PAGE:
5. These are wonderful images, Laurie, but my favorites are the little one who was going to buy something for his dad, and the last photo of Amy and what I assume to be her dad.

    • That child really made me smile! I expected him to tell me about some little thing he wanted for himself (which is what most of us would have been there for), but he was gifting his dad. Lovely! And what a smile!!
      The gentleman with Amy is not her father, who passed about 3 years ago at 91, but this guy, “Chief” had worked with Amy’s father for 50 of those 57years, and he is like a father to her.

  6. We used to have so many implement auctions around here (when we moved here 40 yrs. ago!!!) and I miss the social interaction that we had over the bidding and a cup of coffee. Now, so much is done “on-line” that it’s one more thing that isolates us rather than brings us together!!!!! I could ‘feel’ the excitement!!!! Great post!!!!! Hugs……………………………

  7. These photos are priceless, just seeing the faces of men who probably have worked so hard in their lives. You were able to capture the young as well. Keep that camera at your side! Thanks for sharing, Laurie.

  8. This is so special to me. Those men could be “my people” in Idaho. Mom used to look forward to Thursday, Auction Day, which in her little community in Idaho was the only social event going on. Her husband, Jim, and Jim’s boys like auction season (when the roads are clear), when they travel around Idaho, Montana, and Washington, looking for good deals on equipment. Your photos seem to me to be showing men being men. You have touched my heart.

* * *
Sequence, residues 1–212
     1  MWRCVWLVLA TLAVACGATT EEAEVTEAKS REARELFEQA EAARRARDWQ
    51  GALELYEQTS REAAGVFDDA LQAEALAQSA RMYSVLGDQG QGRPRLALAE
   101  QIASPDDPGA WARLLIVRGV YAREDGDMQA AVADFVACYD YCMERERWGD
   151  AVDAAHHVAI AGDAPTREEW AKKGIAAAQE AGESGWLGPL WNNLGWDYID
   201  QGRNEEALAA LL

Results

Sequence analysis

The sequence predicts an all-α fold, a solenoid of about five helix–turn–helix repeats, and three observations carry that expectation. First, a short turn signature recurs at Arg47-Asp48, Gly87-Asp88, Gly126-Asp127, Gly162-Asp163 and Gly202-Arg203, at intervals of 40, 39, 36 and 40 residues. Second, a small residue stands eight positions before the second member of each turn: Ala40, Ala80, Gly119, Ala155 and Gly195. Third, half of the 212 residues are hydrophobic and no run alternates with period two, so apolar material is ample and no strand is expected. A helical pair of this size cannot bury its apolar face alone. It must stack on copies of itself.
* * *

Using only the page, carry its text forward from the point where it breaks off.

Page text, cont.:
• Thanks Crystal! I love that this resonated with you and others, too. There were so many there from out of town and when we asked how they heard about the auction, they said auctionzip.com. Cool!
      And it truly was a social event. Hot dogs, sodas, coffee, talk, and laughter all mixed in with the business at hand.
      I just posted the second post, focusing on the art of the auction.

  9. Oh how I love these candid “people” shots. Isn’t it wonderful to capture everyday life – the posture and emotion – the movement of life? Excellent work my friend!!

    • Thank you so much!! I worried so much about the “quality shot” but I needn’t have worried as the everyday life came through. It truly was all about the emotion and the community, just as you said.

  10. Pingback: Auction: Sold! | Life on the Bike and other Fab Things

  11. That was fun. I’ve never been to an auction, but I identify with the audience. My husband and father-in-law were in constructions–welders and ironworkers. I attended my husband’s Marine unit reunion last fall, snapping photos, and I felt a bit like you describe, an outside looking in, and, as one of your commenters said, “showing men being men.” Fascinating stuff.

    • Thank you, Deborah! It IS fascinating, isn’t it?
      I had no idea and was just captivated by the whole process. The history, the family, the work, the sights, and smells. Quite the day!

Because Boomdee dared me: Lay a little sugar on me :-)